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From Krill to Whale: an overview of marine fatty acids and lipid compositions

By Michel Linder, Nabila Belhaj, Pascale Sautot and Elmira Arab Tehrany


In this study, fatty acid compositions of phyto-zooplankton (calanoid copepod species, krill…) to fish species (mackerel, sardine anchovy, salmon, shark) are presented. Marine oils are essentially used for their high long-chain polyunsaturated fatty acids (LC-PUFA), namely eicosapentaenoic (EPA) and docosahexaenoic (DHA) for their good health impact. Due to health benefits of the omega-3, weekly fish consumption is today recommended by many authorities (FDA, AFSSA…). Capture fisheries and aquaculture supplied the world with about 110 million tonnes of food fish in 2006 (FAO 2009), providing an apparent per capita supply of 16.7 kg. It is well established that the lipid composition of fish muscle is influenced by the diet and also depends on the effects of environmental factors (temperature, oxygen concentration in sea water) and endogenous medium (physiological state and individual variability). In general, cultured fish have been reported to have a softer texture than wild fish, which has been related to the differences in muscle structure, proximate composition and nutritional value. New applications of typical compounds (wax esters, squalene …) or lipid classes (glycerophospholipids, ether glycerolipids, sphingophospholipids …) as cosmetics, functional foods and dietary supplements will become very important in the near future with nano-structured drug carriers in pharmaceutical and biomedical areas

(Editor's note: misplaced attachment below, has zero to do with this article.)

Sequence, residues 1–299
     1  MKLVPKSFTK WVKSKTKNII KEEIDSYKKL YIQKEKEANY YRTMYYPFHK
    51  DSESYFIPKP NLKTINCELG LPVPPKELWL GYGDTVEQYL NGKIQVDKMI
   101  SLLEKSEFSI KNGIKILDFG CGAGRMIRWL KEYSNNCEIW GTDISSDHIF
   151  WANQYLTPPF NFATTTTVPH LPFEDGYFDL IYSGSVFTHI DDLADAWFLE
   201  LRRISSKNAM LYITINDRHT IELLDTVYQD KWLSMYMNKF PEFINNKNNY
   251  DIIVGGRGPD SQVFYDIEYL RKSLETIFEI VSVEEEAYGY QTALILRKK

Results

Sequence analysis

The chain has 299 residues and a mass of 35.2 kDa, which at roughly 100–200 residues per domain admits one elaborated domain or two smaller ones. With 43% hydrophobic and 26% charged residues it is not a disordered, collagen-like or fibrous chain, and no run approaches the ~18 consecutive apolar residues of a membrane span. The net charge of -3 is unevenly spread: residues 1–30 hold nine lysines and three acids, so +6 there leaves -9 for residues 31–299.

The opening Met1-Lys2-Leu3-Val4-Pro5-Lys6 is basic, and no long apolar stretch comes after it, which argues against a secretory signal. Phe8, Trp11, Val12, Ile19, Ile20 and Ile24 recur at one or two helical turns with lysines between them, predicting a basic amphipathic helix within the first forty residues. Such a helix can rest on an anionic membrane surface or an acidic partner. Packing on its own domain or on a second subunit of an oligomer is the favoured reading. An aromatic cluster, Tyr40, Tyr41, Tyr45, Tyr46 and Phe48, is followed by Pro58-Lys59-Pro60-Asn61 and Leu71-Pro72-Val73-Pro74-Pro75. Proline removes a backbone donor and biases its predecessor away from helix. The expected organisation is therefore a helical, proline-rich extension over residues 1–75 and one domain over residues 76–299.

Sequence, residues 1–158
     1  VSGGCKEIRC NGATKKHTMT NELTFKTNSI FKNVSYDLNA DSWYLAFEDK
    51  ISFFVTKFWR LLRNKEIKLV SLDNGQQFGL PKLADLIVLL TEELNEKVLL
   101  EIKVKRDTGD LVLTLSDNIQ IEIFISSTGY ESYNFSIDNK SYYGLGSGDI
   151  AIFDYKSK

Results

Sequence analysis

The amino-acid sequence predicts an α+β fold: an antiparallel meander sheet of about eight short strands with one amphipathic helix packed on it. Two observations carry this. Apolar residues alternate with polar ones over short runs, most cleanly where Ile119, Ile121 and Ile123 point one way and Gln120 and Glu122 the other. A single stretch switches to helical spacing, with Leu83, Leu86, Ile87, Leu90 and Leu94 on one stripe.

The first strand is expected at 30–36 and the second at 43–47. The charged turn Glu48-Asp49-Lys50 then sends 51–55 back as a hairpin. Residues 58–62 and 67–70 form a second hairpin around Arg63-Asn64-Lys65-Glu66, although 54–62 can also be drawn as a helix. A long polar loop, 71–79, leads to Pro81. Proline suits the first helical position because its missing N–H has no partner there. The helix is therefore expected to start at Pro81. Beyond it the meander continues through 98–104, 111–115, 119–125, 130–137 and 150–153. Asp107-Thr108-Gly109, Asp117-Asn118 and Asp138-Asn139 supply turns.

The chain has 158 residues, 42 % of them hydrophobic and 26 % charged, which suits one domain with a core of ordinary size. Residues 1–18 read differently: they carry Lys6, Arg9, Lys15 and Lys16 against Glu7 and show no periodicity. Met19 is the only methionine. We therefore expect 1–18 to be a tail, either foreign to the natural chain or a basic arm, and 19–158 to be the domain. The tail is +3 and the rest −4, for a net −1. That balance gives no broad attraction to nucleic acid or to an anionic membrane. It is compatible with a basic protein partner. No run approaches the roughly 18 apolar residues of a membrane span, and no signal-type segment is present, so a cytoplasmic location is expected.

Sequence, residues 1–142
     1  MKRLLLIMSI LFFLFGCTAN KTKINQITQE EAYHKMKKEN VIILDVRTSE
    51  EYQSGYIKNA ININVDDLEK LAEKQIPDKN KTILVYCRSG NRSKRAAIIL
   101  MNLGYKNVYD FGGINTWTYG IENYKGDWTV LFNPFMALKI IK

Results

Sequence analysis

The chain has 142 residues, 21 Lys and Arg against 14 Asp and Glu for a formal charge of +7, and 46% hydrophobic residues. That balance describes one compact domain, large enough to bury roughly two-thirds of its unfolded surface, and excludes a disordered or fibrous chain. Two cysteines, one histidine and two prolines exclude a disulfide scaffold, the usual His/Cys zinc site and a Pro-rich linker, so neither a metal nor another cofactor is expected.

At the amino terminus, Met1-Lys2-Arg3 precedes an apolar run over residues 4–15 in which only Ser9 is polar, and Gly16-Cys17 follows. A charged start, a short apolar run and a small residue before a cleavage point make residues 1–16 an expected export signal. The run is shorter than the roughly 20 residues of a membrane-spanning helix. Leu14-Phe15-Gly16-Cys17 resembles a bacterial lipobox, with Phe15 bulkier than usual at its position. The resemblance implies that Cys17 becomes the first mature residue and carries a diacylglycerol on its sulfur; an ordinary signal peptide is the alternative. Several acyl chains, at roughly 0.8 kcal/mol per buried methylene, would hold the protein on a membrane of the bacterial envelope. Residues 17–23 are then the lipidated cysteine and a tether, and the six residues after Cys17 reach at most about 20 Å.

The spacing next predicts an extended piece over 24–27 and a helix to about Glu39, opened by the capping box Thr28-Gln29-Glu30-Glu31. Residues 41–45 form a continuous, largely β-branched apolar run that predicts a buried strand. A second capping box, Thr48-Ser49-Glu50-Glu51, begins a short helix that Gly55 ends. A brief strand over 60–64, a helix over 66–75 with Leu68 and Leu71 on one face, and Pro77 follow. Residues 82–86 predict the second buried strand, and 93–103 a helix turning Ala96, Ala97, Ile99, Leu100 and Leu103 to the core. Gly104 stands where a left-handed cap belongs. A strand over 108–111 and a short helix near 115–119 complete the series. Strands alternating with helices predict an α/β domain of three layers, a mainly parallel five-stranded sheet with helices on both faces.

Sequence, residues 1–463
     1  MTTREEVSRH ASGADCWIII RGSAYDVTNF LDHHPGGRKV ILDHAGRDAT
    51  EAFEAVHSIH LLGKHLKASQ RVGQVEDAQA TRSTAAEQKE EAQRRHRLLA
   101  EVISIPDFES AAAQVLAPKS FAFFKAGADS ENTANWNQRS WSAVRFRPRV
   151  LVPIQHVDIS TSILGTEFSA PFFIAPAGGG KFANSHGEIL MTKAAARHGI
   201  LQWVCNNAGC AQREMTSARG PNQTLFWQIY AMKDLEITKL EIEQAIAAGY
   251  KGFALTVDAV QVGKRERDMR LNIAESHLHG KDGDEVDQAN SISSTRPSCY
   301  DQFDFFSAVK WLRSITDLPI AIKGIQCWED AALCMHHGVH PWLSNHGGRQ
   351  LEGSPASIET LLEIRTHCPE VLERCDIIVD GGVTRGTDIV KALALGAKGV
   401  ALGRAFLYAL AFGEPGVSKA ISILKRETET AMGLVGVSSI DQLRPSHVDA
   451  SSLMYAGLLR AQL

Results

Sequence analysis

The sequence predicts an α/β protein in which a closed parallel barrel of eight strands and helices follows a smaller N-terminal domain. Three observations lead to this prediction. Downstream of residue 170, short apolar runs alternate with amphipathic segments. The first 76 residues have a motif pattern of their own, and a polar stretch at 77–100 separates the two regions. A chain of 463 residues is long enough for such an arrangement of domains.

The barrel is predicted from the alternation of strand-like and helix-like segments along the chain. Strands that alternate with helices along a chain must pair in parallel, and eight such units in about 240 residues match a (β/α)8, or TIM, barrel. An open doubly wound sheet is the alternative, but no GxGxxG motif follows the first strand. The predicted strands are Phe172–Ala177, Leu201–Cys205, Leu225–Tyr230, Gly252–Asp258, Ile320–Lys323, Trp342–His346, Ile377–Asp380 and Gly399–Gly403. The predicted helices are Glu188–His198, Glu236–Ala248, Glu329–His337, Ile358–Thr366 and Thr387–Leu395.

Topics: fatty acids compositions, long-chain polyunsaturated fatty acids (LC-PUFA), EPA, DHA, Krill, fish roes, sharks
Publisher: John Libbey Eurotext
Year: 2010
DOI identifier: 10.1051/ocl.2010.0328
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